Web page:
How to Send Messages in a Token-Gated Video Call

Jennifer Tran
10 min readMay 21


This tutorial guides on creating a video call gated by an NFT or blockchain token using the Huddle01 SDK and sending messages to viewers using the Mailchain SDK.

Photo by Franck on Unsplash

Why Token-Gated Video Calls

Influencers and communities create live video calls to showcase products, meet with fans and members, and host conferences and events.

Photo by Malte Helmhold on Unsplash

Token gating is a secure way for hosts to distribute premium content. Unlike gating through usernames and passwords, users cannot easily share their tokens with others. Users must sign in with their wallet to prove token ownership, ensuring that only paying users can access the live stream.

Token gating is also a mechanism to maintain community. NFT communities and decentralized autonomous organizations (DAOs) can gate membership offerings using NFTs and tokens that symbolize membership. Ownership of these tokens grants automatic access to the associated community, eliminating the need for login credentials.

Many of these NFT communities and DAOs host regular community calls and live streams to update members about community activity or provide education and business insights. It is crucial to limit access to these events only to members and prevent scammers, bots, and Zoom “bombers.” By token-gating calls or live streams, hosts ensure that only verified members are participating.

Sending Messages During Video Calls

During calls and live streams, hosts often reward viewers with different perks such as discounts, freebies, and giveaway entries.

To prevent leaks and accurately track viewers during perk announcements, hosts require a method to identify current viewers and send messages exclusively to them.

Introducing a solution using Huddle01 and Mailchain.

Huddle01 is a composable and robust media infrastructure that enables cross-chain audio and video communication between users. Their SDK allows for the creation of token-gated video call rooms and tracking of the wallet addresses currently connected to the call room

Mailchain enables blockchain-based email-like messaging with plain or rich text and attachment capabilities. Their SDK allows for sending and receiving messages between wallets.

By combining these solutions, you can create a call or live stream gated by any NFT or token and send a message to all viewers currently joined on the call.

This specifically enables NFT communities and DAOs to:

  • Distribute Proof of Attendance (POAP), certificates of attendance, or other tokens of appreciation exclusively to members who attended the call, not just those who registered.
  • Send recording waivers and other necessary legal documents for attendees to review and sign.
  • Conduct feedback surveys.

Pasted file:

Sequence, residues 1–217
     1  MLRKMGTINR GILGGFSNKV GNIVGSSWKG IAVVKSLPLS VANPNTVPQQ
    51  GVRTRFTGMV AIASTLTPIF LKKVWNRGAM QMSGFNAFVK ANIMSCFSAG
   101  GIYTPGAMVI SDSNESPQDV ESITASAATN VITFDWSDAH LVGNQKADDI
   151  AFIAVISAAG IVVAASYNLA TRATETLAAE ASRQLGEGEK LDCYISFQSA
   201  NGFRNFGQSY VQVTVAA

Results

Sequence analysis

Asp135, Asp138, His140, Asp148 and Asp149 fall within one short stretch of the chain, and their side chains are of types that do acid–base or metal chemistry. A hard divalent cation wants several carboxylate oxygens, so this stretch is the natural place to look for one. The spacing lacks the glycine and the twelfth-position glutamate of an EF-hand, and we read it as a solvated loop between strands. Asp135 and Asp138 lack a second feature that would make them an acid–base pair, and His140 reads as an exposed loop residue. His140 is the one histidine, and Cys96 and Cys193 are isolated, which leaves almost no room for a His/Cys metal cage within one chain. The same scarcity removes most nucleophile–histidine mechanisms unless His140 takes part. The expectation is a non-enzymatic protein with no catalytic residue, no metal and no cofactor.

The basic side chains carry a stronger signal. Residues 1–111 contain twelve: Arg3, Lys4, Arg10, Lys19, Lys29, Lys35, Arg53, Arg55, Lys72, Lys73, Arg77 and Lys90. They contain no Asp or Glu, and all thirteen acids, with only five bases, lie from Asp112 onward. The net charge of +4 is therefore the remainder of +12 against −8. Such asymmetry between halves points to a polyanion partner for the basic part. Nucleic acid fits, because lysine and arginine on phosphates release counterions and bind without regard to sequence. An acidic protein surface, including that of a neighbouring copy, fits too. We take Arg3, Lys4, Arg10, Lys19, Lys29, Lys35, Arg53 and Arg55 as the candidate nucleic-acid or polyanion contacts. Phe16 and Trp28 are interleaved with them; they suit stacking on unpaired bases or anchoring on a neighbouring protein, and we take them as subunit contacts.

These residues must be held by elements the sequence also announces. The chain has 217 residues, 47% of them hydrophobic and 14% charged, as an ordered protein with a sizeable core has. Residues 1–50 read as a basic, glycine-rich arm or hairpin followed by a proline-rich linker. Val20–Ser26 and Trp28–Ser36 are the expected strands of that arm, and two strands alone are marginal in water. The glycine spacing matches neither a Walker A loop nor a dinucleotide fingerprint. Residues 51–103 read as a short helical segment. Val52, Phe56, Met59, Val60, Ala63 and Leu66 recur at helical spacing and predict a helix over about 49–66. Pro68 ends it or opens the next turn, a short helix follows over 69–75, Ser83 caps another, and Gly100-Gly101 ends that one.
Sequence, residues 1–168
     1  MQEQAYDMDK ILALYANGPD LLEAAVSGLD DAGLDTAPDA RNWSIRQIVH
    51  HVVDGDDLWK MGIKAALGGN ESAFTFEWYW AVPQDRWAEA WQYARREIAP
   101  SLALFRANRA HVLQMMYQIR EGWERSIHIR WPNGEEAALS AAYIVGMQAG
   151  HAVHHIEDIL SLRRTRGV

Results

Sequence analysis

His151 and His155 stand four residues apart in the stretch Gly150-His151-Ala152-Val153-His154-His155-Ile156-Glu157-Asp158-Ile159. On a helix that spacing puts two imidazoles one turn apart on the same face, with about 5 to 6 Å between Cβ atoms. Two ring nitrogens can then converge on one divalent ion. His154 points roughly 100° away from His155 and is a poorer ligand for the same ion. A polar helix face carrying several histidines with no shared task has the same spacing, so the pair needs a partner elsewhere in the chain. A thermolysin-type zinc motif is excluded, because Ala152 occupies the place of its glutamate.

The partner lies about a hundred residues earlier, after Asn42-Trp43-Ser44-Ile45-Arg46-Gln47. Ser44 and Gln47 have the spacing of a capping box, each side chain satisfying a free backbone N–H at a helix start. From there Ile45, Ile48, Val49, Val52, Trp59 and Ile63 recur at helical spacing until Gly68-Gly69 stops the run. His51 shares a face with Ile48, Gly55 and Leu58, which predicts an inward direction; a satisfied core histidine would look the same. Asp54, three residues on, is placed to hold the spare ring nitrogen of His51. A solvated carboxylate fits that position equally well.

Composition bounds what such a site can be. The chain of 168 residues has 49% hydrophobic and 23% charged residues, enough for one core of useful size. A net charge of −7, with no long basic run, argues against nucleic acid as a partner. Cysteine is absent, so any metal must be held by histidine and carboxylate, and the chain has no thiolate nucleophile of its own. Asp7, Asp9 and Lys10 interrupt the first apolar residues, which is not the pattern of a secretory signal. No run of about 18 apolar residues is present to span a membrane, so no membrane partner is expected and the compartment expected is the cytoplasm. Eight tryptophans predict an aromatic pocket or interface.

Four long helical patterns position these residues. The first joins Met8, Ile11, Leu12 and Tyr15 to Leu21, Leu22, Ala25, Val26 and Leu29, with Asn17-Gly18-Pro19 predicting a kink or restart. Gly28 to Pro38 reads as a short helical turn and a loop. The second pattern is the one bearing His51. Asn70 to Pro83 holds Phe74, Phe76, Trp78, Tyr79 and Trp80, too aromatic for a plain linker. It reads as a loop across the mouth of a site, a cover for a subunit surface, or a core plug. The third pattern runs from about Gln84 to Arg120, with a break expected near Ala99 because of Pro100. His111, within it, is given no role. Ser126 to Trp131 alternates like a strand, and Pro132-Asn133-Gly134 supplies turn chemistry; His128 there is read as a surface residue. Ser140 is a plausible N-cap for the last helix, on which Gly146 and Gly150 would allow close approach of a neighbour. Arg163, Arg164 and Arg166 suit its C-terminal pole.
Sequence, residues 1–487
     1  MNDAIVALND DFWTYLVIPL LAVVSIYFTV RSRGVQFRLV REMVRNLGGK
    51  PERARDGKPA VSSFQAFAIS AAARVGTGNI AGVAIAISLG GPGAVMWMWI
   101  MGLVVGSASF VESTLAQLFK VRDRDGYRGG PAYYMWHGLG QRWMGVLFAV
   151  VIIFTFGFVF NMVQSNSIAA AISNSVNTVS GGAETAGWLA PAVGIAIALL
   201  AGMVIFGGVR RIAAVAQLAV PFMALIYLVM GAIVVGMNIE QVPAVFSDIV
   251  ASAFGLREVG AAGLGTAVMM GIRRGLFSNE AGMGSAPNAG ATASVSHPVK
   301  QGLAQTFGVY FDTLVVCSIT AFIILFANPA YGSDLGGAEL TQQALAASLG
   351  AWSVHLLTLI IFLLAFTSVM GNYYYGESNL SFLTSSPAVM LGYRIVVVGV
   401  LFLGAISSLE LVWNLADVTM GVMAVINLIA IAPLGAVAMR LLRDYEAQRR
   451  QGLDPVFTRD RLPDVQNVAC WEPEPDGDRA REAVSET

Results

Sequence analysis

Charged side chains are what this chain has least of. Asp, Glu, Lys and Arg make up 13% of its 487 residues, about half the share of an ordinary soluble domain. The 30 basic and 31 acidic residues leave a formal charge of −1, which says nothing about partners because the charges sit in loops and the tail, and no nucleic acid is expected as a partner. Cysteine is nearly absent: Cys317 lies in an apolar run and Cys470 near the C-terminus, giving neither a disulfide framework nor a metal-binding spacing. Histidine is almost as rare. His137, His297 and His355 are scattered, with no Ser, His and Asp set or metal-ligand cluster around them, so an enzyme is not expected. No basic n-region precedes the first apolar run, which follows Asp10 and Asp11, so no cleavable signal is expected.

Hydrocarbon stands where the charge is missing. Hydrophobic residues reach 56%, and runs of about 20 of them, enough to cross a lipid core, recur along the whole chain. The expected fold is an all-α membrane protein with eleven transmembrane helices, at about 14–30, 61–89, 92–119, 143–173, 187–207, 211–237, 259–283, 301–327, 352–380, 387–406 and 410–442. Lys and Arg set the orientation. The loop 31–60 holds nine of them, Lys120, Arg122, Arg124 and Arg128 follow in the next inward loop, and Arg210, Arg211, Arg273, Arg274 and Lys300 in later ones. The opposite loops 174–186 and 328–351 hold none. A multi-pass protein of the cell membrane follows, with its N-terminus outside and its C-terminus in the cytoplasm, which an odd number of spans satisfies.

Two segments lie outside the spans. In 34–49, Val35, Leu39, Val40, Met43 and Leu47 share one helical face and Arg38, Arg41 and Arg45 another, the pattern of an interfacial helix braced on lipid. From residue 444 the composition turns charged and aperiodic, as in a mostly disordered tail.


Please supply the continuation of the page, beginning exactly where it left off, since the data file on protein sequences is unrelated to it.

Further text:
• Share meeting notes with members before making them public to the wider community.

I chose this solution because, as a participant in a DAO myself, I frequently receive an overwhelming number of emails and notifications about community calls that I have not attended. As a DAO event host, I have experienced instances where individuals have claimed POAPs for activities they signed up for but did not participate in.

Let’s check out how to implement this using code in the tutorial section below!


This tutorial assumes using NextJS.

Part 1: Create the live stream using Huddle01 SDK

  1. Go to to connect your wallet and generate your Huddle01 API key and project ID.
API Key page on Huddle01

2. Retrieve your wallet access token using

Your wallet access token is a JWT token that is needed for upcoming sections of the tutorial.

Connect your wallet. Click on the getMessage() button and then the signMessage() button, and sign the message with your wallet.

Click on the getAccessToken() button. Your access token will now show it.

Keep this tab open and/or copy and paste the access token into a digital document that you can save.

4. Set up your project using the Huddle01 starter app.

Huddle01 provides a start app to test and utilize their SDK. For simplicity, we will utilize the boilerplate to get started in this tutorial.

We suggest that you chose the NextJS framework and Typescript for your configuration as shown in an example command line here:

Example of setting up the Huddle01 boilerplate via command line

You can follow the tutorial in full at:

5. Create a token gated room.

Once you are done setting up the starter app, navigate to the project directory in the command line and run the application using the following commands.

cd your-app
pnpm i
pnpm run

You most likely ran the application on localhost port 3000 and navigate to the application in development on http://localhost:3000. Ensure which localhost port you ran the application.